Manatee deaths in South Florida continue to rise


Photo by The J Clark

Conservationists in Florida are extremely concerned about the record number of manatee deaths this year.


According to the Florida Fish and Wildlife Conservation Commission (FWC), many manatees starved last winter during their migration to warm-water destinations because of a dwindling food supply.


This year almost 1,000 manatees have died, breaking the record of 830 deaths in 2013. Because of the emergency, the manatee might again be placed on the endangered species list. This would be the second time. Manatees were on the list from 1967 to 2017, when they were upgraded to “threatened.”


The much-loved marine mammals are reportedly starving because polluted water is destroying their food supply. The FWC said seagrass and seaweed, the mainstays of the manatee diet, are being lost to pollution, which causes algae blooms that cloud out the sunlight and kill the plants.


“The deaths from this last year alone represent almost 20% of the population lost,” said Kimberleigh Dinkins, the senior conservation associate for Save the Manatee Club. “It is happening on both coasts, so it is a statewide concern.”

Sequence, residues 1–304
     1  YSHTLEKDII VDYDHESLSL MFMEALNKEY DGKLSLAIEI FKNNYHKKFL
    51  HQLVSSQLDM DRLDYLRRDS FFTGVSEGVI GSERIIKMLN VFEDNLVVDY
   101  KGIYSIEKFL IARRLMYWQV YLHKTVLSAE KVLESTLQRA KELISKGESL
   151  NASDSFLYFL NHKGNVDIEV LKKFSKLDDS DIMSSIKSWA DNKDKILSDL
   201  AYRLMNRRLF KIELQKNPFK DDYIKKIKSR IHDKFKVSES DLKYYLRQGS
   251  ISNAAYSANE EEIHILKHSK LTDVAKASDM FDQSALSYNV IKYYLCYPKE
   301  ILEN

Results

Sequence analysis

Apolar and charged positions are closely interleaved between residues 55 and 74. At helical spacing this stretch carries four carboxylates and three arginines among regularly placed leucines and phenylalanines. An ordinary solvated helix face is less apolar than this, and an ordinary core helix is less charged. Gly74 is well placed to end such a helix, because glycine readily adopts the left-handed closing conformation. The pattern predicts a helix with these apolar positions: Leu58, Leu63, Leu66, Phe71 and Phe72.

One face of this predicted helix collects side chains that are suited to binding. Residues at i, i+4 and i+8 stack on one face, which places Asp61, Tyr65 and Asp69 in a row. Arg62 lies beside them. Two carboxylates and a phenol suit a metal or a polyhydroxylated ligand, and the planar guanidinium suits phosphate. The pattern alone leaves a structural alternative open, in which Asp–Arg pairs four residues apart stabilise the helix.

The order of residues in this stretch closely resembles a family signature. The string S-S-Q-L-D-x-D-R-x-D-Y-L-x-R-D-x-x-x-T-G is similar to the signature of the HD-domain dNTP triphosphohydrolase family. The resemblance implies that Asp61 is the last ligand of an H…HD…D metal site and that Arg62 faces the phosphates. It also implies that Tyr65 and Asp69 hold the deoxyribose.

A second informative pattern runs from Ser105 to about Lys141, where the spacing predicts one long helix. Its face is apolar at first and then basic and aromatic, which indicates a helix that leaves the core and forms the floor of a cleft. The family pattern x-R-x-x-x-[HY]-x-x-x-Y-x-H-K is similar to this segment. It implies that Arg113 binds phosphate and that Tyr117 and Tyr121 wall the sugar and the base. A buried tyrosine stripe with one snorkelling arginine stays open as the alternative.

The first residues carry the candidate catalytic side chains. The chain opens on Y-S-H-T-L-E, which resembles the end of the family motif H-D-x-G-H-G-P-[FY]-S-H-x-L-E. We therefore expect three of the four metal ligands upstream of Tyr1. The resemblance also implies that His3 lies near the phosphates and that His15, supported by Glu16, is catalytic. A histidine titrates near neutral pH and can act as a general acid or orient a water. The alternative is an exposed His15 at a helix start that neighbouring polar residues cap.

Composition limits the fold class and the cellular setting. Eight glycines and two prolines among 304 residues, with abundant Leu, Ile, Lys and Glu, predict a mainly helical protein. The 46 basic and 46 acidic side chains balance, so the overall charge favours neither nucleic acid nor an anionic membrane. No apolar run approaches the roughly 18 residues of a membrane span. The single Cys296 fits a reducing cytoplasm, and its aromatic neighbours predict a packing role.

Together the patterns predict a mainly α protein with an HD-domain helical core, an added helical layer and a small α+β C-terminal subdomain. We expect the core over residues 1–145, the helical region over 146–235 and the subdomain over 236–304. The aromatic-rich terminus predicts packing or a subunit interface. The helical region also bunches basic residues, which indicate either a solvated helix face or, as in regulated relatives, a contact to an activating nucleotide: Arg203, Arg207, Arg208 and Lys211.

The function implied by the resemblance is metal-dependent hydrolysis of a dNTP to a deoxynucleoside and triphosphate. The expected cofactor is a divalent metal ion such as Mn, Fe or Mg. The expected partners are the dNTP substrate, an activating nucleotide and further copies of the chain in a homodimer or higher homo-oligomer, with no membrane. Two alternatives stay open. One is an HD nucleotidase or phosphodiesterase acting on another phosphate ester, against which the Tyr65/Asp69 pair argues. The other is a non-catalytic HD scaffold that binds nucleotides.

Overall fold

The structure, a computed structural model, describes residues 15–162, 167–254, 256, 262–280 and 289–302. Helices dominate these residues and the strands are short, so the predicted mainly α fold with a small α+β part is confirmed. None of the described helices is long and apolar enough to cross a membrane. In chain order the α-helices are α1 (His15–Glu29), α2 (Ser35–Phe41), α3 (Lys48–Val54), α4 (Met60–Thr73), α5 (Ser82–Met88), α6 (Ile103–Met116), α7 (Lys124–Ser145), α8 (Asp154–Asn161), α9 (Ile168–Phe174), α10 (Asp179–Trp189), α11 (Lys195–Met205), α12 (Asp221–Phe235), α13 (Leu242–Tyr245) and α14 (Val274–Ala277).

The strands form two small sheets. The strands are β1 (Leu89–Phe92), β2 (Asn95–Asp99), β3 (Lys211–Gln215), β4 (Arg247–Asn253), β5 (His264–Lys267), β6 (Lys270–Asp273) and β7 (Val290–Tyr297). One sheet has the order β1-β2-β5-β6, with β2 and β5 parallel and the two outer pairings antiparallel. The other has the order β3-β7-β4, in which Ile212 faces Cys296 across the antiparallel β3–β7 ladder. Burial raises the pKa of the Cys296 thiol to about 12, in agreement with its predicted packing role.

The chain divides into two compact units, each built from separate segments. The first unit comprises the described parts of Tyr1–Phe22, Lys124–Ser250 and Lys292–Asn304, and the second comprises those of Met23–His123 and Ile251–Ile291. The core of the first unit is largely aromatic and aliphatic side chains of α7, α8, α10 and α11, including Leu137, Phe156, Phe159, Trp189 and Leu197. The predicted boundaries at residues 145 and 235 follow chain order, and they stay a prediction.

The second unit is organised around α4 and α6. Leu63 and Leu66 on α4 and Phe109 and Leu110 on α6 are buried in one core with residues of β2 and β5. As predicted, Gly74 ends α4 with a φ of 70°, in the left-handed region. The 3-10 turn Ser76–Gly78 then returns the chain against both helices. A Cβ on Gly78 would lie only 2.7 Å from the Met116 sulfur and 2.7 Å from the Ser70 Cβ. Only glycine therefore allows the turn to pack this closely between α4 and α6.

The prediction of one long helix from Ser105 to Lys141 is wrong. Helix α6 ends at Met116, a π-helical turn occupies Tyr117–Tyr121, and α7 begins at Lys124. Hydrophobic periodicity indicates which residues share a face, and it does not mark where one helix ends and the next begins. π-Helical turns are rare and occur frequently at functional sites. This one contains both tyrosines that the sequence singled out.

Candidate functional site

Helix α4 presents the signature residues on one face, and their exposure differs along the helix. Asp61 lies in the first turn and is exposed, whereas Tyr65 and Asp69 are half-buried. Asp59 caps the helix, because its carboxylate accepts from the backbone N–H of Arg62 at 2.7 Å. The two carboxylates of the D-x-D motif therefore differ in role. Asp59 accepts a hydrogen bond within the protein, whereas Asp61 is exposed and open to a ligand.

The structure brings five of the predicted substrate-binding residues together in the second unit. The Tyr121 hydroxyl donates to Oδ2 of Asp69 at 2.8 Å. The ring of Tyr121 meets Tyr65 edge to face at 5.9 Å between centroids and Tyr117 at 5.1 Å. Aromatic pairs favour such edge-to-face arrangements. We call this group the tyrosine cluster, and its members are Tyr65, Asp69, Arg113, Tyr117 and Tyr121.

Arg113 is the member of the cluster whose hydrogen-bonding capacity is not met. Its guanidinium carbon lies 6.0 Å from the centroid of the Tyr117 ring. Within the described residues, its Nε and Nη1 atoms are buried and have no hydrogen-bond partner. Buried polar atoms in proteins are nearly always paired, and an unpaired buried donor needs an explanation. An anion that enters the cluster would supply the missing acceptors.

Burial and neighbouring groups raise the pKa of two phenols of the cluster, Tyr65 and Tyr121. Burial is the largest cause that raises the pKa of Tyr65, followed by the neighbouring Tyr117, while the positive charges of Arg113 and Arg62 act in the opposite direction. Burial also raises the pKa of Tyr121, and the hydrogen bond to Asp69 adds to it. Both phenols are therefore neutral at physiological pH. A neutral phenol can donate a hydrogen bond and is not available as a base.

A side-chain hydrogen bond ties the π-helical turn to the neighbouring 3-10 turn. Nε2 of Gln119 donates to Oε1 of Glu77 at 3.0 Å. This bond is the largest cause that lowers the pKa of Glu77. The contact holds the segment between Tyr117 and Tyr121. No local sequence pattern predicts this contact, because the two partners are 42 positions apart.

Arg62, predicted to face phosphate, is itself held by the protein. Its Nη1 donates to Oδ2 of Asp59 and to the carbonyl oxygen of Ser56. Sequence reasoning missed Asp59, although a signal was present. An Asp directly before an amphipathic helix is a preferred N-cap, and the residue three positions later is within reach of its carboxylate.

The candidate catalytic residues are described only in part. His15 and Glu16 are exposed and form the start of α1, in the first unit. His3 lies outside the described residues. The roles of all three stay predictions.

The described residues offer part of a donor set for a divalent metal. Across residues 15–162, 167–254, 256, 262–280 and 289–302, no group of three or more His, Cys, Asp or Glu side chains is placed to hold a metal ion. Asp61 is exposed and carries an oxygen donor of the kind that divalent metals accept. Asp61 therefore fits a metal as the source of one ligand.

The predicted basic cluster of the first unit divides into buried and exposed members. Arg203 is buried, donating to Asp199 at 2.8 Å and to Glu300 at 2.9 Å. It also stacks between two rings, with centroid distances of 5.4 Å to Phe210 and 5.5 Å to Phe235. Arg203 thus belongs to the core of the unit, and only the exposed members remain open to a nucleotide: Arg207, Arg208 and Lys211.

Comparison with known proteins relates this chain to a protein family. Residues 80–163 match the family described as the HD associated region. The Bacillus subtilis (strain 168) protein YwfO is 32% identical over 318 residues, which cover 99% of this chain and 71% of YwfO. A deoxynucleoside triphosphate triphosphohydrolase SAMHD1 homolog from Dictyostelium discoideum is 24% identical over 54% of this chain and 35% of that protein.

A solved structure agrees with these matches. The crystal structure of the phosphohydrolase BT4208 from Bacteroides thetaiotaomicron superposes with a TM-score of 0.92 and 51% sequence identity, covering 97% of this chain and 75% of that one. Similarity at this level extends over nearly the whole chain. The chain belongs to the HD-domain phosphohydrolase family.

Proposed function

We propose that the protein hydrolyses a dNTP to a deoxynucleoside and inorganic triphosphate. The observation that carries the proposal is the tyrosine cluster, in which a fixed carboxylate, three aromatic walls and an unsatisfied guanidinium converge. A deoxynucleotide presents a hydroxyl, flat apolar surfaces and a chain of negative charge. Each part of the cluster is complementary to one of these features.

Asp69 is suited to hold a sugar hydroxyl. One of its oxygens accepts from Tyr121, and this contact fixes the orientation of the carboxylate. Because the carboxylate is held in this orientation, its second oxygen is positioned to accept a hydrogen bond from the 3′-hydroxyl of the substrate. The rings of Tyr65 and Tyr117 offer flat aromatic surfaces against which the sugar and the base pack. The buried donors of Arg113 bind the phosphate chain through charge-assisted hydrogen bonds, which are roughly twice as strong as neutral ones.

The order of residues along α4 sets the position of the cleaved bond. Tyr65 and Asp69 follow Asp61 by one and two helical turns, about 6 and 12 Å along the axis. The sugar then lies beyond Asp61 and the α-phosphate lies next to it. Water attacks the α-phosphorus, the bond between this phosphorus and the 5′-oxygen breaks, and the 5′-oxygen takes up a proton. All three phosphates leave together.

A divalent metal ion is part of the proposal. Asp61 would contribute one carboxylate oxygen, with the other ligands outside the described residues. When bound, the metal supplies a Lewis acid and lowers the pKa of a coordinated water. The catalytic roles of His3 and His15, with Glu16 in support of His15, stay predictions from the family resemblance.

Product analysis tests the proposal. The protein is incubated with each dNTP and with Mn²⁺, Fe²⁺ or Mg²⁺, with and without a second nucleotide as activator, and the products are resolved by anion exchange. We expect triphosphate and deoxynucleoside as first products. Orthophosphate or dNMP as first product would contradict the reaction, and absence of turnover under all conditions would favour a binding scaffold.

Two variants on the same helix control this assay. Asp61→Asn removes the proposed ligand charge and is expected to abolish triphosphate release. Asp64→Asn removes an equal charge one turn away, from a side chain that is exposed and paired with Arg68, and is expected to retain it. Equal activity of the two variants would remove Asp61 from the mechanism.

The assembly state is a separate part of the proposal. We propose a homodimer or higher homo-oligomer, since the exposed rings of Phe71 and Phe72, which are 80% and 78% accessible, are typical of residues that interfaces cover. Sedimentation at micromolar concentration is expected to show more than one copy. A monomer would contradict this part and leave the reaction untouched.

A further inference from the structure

The three major species of manatees, all of which are at risk of extinction, are the West Indian, the West African, and the Amazonian, the smallest of the species. The West Indian manatee is found off the coast of Florida.



To save Florida’s starving manatees, local wildlife authorities are organizing supplemental feedings. The FWC is “piloting some supplemental feeding programs,” said Dinkins. “It will be very limited. It will be specific to people who have permits, not individuals going out and feeding the manatees.”


Rescue efforts are considered a counterpart to the supplemental feeding program. Dinkins expressed the importance of reaching out to the FWC if you spot a manatee that could be in danger. Signs of a suffering manatee include visible ribs, a sunken area behind the head, a calf with no adults around, and what appears to be an inability to resubmerge.


To report a struggling manatee, call 888-404-FWCC (3922).


The emergency facing manatees is not sustainable. Save the Manatee Club and other organizations are working tirelessly to figure out long-term solutions that could save these majestic creatures.


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